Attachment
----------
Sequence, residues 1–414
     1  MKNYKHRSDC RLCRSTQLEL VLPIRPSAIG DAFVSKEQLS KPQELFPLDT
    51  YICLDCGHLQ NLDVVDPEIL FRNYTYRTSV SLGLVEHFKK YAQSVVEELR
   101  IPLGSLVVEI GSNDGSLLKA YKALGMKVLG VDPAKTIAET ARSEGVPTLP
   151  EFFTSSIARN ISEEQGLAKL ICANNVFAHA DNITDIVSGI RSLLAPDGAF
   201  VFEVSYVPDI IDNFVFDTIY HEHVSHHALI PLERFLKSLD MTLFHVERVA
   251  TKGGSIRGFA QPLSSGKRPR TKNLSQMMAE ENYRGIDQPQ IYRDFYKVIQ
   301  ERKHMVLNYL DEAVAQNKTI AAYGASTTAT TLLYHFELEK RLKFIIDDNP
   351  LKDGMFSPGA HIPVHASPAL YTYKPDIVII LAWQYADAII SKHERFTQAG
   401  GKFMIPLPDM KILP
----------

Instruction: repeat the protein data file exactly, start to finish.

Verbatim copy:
Sequence, residues 1–414
     1  MKNYKHRSDC RLCRSTQLEL VLPIRPSAIG DAFVSKEQLS KPQELFPLDT
    51  YICLDCGHLQ NLDVVDPEIL FRNYTYRTSV SLGLVEHFKK YAQSVVEELR
   101  IPLGSLVVEI GSNDGSLLKA YKALGMKVLG VDPAKTIAET ARSEGVPTLP
   151  EFFTSSIARN ISEEQGLAKL ICANNVFAHA DNITDIVSGI RSLLAPDGAF
   201  VFEVSYVPDI IDNFVFDTIY HEHVSHHALI PLERFLKSLD MTLFHVERVA
   251  TKGGSIRGFA QPLSSGKRPR TKNLSQMMAE ENYRGIDQPQ IYRDFYKVIQ
   301  ERKHMVLNYL DEAVAQNKTI AAYGASTTAT TLLYHFELEK RLKFIIDDNP
   351  LKDGMFSPGA HIPVHASPAL YTYKPDIVII LAWQYADAII SKHERFTQAG
   401  GKFMIPLPDM KILP